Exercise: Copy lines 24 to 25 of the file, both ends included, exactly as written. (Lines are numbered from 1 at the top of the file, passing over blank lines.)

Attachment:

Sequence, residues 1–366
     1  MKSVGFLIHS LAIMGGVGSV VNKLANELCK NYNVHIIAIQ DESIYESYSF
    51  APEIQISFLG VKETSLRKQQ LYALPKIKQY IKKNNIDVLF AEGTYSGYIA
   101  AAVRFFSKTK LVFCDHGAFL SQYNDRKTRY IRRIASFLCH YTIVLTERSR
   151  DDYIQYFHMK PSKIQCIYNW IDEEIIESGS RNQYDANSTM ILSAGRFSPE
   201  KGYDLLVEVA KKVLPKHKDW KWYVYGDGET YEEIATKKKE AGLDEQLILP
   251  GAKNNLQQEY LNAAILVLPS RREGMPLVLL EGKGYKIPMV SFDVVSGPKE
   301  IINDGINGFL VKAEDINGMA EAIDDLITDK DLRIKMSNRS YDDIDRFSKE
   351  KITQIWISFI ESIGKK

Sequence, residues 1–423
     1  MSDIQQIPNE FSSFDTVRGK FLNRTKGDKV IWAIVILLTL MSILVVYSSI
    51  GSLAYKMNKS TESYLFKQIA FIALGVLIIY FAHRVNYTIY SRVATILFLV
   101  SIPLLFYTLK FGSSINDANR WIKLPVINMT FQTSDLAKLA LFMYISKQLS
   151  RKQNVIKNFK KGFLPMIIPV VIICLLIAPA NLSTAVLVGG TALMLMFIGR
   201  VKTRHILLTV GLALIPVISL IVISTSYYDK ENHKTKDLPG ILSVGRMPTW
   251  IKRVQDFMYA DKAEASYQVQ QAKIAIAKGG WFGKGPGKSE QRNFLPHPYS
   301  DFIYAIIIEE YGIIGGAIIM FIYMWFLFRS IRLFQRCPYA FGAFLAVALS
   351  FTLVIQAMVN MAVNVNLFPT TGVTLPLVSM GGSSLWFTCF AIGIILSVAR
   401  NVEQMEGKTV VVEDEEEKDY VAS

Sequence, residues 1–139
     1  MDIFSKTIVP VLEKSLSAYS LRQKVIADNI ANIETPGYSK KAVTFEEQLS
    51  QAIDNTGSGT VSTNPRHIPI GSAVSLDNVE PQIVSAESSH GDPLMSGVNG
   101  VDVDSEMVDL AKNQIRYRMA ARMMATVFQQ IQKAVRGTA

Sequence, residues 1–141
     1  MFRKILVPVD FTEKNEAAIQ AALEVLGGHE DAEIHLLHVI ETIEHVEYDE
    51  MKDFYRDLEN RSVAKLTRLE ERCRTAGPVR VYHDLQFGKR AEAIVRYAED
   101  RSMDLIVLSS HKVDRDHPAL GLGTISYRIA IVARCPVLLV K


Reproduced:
Sequence, residues 1–141
     1  MFRKILVPVD FTEKNEAAIQ AALEVLGGHE DAEIHLLHVI ETIEHVEYDE